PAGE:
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Friday, October 17, 2008
Being a selfish writer
I've always been pretty good about managing my writing time. Way I see it, it's my job, so I treat it as such. (We won't get into the part where I'm a bit of a workaholic...) But lately, because of Various and Sundry, those little pests, the writing time has been whittled away. I help out with a contest or agree to speak on a panel and that's around the normal everyday stuff like homework and cooking and laundry and making sure the dogs get fed because if I don't make sure, then we know what happens.
Admittedly, these distractions have been a bit of a welcome relief this summer when things were beyond rough on the writing front. However, I've found myself getting increasingly annoyed by the distractions. I allowed the distractions to take over to the point where they eroded a great deal of my writing time. Time that's always been sacred to me. When I get into a writing groove, I don't like—actually, don't allow—anything to get in my way. Problem is, I haven't been able to get into a groove. And every time it seems like the groove's within my reach, something implodes.
This stops now.
The kids? Are old enough to cope with their homework and hey, isn't that your dad over there in front of his computer? Ask him. He has answers too. The laundry doesn't really need to be folded. Cooking is actually relaxing so that can stay on the list, but I'm teaching the kids how to make simple stuff. The dogs? Okay, well, they're my dogs, so they can stay near the top of the list.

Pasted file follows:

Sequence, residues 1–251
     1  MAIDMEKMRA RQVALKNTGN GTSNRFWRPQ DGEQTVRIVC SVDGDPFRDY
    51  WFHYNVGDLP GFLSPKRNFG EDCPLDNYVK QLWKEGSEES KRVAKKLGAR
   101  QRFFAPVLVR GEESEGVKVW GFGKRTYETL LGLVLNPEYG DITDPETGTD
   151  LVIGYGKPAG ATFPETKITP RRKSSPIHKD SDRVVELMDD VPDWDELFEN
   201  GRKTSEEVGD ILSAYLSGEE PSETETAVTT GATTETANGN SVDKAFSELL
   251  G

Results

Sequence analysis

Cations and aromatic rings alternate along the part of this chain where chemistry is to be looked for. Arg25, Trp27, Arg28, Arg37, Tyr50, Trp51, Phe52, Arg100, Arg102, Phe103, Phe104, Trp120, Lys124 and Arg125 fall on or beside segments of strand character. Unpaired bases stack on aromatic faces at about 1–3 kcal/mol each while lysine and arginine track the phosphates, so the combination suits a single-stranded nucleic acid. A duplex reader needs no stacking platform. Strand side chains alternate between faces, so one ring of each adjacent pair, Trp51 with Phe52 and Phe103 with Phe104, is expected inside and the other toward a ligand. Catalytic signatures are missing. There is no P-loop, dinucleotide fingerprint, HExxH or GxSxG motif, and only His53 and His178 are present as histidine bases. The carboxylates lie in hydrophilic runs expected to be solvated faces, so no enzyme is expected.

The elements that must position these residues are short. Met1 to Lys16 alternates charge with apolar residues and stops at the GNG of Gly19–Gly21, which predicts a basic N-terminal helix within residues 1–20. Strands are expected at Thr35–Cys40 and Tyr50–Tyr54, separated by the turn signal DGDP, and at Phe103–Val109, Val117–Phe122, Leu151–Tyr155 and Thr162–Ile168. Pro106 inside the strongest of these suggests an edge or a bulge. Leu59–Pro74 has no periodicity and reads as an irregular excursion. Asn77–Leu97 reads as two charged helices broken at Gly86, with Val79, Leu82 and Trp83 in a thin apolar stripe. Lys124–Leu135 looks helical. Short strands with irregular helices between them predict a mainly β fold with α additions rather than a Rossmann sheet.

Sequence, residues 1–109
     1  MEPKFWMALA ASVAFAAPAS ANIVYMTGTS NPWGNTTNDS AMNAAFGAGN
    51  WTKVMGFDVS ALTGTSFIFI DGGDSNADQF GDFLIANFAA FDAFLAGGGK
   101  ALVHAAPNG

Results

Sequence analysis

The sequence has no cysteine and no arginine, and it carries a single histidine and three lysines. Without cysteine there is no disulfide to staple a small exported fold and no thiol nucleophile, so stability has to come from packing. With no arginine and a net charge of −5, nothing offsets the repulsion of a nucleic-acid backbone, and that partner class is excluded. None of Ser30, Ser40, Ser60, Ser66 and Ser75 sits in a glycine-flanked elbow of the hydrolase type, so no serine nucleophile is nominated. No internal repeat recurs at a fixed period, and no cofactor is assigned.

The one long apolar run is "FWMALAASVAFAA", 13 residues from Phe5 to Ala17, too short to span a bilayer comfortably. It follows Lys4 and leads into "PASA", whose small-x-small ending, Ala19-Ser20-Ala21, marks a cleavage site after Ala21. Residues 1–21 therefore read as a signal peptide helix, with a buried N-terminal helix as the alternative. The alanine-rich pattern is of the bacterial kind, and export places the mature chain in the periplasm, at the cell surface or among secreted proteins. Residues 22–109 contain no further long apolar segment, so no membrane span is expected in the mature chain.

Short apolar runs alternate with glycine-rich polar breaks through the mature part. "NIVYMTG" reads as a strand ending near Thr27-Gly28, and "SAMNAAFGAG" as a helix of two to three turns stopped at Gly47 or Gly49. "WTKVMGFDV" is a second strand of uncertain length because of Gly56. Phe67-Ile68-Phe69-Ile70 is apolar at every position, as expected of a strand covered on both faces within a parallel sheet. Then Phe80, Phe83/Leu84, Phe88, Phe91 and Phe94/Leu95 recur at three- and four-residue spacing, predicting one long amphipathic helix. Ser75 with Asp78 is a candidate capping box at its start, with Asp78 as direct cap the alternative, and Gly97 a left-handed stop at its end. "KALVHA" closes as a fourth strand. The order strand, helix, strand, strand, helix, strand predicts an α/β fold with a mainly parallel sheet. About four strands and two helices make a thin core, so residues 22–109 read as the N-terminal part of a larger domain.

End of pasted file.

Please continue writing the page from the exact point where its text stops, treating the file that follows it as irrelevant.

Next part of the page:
Now-- we get to volunteering. Heh. Riiiiiiiiiight.
As another writer friend of mine said, "Welcome to my year of saying 'no.'"
I'm all for paying it forward. I'm all for helping out. I'm not necessarily going to say no right off the bat. But if it's not convenient for me, then guess what? No. I'm a writer. I want to write. And let's face it, I have a temperament that's ideally suited for writing since I like hunkering down in my cave and spending long stretches of time in my own head.
I think it's important for us, especially those of us who are women, because we find it very difficult to delegate responsibilities or again, as my very wise writer friend says, "We have trouble not being Superwoman." Let's face it—most writers I know, are control freaks to a certain degree. We have this attitude of "You know, it'll just get done faster and right if I just do it myself. Not to mention, many of us are of a generation that's had the notion drummed into us that we can have it all. And we can. But— we have to prioritize and that's where so many of us tend to falter, because we put everyone else at the top before us. We've been taught to be self-sacrificing, that we come last, that selfishness or self-indulgence is bad. (I think this is also a very American thing—what with that whole Puritanical origins and all.) Thing is, about most artistic pursuits, they're inherently selfish. You have to live in your own head and shut out the rest of the world, or at least that part of it that doesn't contribute to the process.
Frankly, I miss that. I miss that late night sensation where it's just me and the story and the characters and we're having our conversations and I'm having to wrangle them back into the story before they take a left turn to Albuquerque. Believe it or not, I miss emerging from that fog to find everything around me covered in a thin layer of dust, faintly surprised that the world has continued to revolve, that the sun has continued to rise, and that the kids can get their own breakfast.
So that's my goal—I'm going to do my best to recapture that.
Welcome to my year of saying no.